• Meuse-Rhine Gazette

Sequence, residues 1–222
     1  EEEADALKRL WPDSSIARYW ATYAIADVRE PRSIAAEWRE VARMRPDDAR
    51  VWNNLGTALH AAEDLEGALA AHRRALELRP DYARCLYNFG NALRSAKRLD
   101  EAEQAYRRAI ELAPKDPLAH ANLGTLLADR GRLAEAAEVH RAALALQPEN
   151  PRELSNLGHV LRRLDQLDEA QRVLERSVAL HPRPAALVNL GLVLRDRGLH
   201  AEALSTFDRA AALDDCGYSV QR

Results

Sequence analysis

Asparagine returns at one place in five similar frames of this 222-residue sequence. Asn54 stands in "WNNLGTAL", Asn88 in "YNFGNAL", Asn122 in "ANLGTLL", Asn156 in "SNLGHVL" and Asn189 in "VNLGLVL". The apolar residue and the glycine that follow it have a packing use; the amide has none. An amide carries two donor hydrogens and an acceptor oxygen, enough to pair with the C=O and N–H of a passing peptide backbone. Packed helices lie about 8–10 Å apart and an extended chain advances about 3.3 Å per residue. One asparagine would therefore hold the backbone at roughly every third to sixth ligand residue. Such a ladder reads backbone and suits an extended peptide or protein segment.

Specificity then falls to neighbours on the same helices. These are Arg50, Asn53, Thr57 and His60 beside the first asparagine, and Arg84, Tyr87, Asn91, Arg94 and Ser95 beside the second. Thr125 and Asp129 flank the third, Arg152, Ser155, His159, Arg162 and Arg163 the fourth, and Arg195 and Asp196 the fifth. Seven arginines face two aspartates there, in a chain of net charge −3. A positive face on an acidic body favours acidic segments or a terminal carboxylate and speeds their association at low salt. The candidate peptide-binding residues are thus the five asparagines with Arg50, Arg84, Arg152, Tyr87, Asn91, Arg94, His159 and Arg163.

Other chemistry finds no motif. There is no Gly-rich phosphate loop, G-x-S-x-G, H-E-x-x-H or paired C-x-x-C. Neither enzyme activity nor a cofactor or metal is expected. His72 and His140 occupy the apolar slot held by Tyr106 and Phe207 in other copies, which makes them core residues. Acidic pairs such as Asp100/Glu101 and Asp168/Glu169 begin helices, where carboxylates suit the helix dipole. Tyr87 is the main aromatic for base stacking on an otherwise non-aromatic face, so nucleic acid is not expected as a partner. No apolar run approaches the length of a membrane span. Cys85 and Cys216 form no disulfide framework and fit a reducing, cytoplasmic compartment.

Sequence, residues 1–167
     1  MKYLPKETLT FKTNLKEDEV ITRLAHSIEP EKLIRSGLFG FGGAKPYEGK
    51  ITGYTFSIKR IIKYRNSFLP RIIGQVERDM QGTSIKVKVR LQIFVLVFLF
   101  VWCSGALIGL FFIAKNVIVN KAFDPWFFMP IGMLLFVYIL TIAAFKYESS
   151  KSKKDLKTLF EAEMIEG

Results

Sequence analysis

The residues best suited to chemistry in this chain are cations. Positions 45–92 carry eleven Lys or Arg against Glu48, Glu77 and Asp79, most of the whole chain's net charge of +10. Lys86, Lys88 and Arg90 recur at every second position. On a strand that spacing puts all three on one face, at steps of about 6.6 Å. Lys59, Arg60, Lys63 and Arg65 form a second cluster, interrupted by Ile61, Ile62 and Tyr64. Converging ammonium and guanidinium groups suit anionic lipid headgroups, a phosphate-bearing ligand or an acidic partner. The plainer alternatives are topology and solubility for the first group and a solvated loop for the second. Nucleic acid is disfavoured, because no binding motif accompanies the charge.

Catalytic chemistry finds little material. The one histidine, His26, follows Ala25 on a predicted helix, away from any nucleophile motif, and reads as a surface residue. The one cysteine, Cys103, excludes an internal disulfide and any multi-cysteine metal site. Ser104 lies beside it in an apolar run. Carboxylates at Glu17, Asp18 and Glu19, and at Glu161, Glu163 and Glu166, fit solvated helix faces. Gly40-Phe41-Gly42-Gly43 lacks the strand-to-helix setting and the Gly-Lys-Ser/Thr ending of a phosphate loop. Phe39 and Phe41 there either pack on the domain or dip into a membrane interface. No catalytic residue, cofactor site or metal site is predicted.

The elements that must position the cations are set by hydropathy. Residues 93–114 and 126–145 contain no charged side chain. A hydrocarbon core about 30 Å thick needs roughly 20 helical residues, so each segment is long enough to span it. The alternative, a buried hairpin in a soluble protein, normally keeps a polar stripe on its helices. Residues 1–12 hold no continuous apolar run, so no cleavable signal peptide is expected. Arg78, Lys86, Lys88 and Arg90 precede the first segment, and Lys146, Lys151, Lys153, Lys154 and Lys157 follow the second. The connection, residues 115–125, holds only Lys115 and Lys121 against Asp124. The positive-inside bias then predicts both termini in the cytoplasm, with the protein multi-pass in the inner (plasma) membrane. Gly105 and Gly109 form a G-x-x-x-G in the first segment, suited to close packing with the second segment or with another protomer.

The Einstein Telescope, estimated to cost around €790m and be completed by 2025, is a third-generation gravitational-wave observatory that will be 100 times more sensitive than current instruments. It will seek to directly detect gravitational waves and attempt to work out their origin and nature. It will differ from existing gravitational-wave detectors by being built underground. Gravitational waves are ripples in the fabric of space-time which Einstein’s general theory of relativity predicts ought to pervade the universe. The telescope is one of seven projects recommended by the Astroparticle European Research Area (ASPERA) network, funded by the European Commission, the CERN particle-physics lab and 17 countries around the world. The #ETPathfinder, a test facility for the #EinsteinTelescope, is since August this year being housed at Maastricht University in #Maastricht. The ET Pathfinder is a kind of scale model of the Einstein Telescope – a deep-cooled, triangular underground laser detector ten kilometres in length, which in theory will be able to explore the universe as far back as the Big Bang. The test facility has now optimally positioned the #EuregioMeuseRhine as a potential candidate for the construction and operation of the Einstein Telescope as the landscape of the EMR; #Sardinia is also in the running for the detector. The decision regarding the ultimate location will be make in 2021 or 2022. The arrival of the obervatory would mean a major boost for the EMR. Not only scientifically but also economically. Our industries can earn from the construction and development of the telescope, and our educational institutions such as Maastricht University and RWTH Aachen University, are participating in the project. The EMR then becomes the centre for research into gravitational waves. Scientists from all over the world will make their way here to conduct research, and they will reside here. According to a study by Provincie Limburg, the telescope could provide approximately 500 direct and over 1000 indirect jobs. Photo: ASPERA

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